EEG amplitude and power

In terms of a correspondence in the EEG, the amplitude (and power) of the electrical activity measured on the scalp is related to the number of cortical neurons recruited into the synchronised neural activity: an increase in the population of synchronised neurons results in an increase in band-power; alternatively, a decrease in band-power corresponds to fewer neurons synchronised into a firing pattern (Lopes da Silva, 2013; Pfurtscheller and Lopez da Sliva, 1999). Certain amplitude changes at given frequencies over certain regions of the scalp tell us about the functional state of the participant or their state of health (Freeman, Milkulka, Prinzel and Scerbo, 1999; Gerhold, 2017; Klimesch, 1999; Onton, Delorme and Makieg, 2005; Pfurtscheller and Neuper, 1994). A good example, is an alpha band synchronisation (approximately 8Hz-12Hz in humans) over the back of the head when a participant closes his/her eyes—this observation dates back to the first paper on human EEG published in the 1920’s by Hans Berger (Berger, 1929).

 

The propitious nature of EEG

Where EEG holds a position of advantage is that it is incredibly effective at detecting changes in electrocortical fields and their psychological correspondences occurring at millisecond timescales, it is this aspect of EEG that is of great interest to military and aerospace applications as well as businesses innovating in the neurotechnology space: in the development of brain-computer interfaces to assist paralysed and disabled people, real-time monitoring and analysis of psychological function in aviation and the workplace, as well as other ergonomic and business-related applications (see Vecchiato, Cherubino, Trettel and Babiloni, 2013 for a comprehensive scientific-methodological text dealing with advertising-related applications).

 

Looking forward

This article provided a grounding for the neurophysiological processes underpinning EEG. In the next part of this series, we will look at the steps in performing an analysis of EEG data as a participant transitions from eyes-open to eyes-closed repeatedly over a 12 minute period. We will demonstrate some of the original observations made in the human EEG by Hans Berger in the 1920’s and also look at some of the more contemporary approaches to EEG analyses to differentiate the eyes-open and eyes-closed states.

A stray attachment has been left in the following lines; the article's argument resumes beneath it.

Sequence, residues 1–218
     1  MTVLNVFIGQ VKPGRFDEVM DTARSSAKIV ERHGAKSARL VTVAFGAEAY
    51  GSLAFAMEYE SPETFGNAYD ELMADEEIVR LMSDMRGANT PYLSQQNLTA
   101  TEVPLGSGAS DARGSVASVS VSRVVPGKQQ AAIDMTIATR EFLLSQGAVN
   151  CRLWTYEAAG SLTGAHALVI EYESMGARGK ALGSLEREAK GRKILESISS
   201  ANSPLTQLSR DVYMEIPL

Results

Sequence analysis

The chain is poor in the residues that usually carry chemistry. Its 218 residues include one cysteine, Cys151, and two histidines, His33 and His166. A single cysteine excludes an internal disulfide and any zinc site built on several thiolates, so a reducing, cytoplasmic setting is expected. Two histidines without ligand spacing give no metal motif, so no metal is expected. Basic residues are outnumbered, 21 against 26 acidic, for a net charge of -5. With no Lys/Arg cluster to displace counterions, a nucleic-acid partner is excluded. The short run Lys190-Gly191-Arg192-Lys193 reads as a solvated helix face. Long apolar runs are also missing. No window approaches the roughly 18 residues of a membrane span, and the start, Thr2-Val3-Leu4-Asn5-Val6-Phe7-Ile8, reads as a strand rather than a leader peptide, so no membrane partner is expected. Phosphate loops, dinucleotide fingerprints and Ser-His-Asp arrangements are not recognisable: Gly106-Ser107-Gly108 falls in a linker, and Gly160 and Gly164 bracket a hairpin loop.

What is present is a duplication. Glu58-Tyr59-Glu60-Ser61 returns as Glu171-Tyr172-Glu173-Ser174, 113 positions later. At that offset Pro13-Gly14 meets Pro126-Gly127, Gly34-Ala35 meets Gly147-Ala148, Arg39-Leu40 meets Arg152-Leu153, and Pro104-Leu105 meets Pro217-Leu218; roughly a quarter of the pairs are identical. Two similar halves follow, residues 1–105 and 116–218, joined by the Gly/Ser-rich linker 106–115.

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Gerhold, M. M. (2017). A study of event-related electrocortical oscillatory dynamics associated with cued motor-response inhibition during performance of the Go/NoGo task within a sample of prenatally alcohol-exposed children and age-matched controls. Doctoral Thesis. University of Cape Town: Cape Town.

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Wendling, F. & Lopes da Silva, F. H. (2017). Dynamics of EEGs as signals of neuronal Populations: models and theoretical considerations. In Schomer, D. L., & Lopes da Silva, F. L. (Eds) Niedermeyer’s electroencephalography: basic principles, clinical applications, and related fields (7th ed). Oxford University Press.

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Published under: EEG

ABOUT THE AUTHOR

Dr Matthew Gerhold is a cognitive-neuroscientists with a specialisation in behavioural neurosciences and non-invasive electrophysiological measurements. He has a wealth of experience extending over 14 years in different fields of the neurosciences: behavioural, cognitive, clinical and consumer. Gerhold is a doctoral graduate in the Health Sciences, conducting his research through the Division of Biomedical Engineering, Department of Human Biology at the University of Cape Town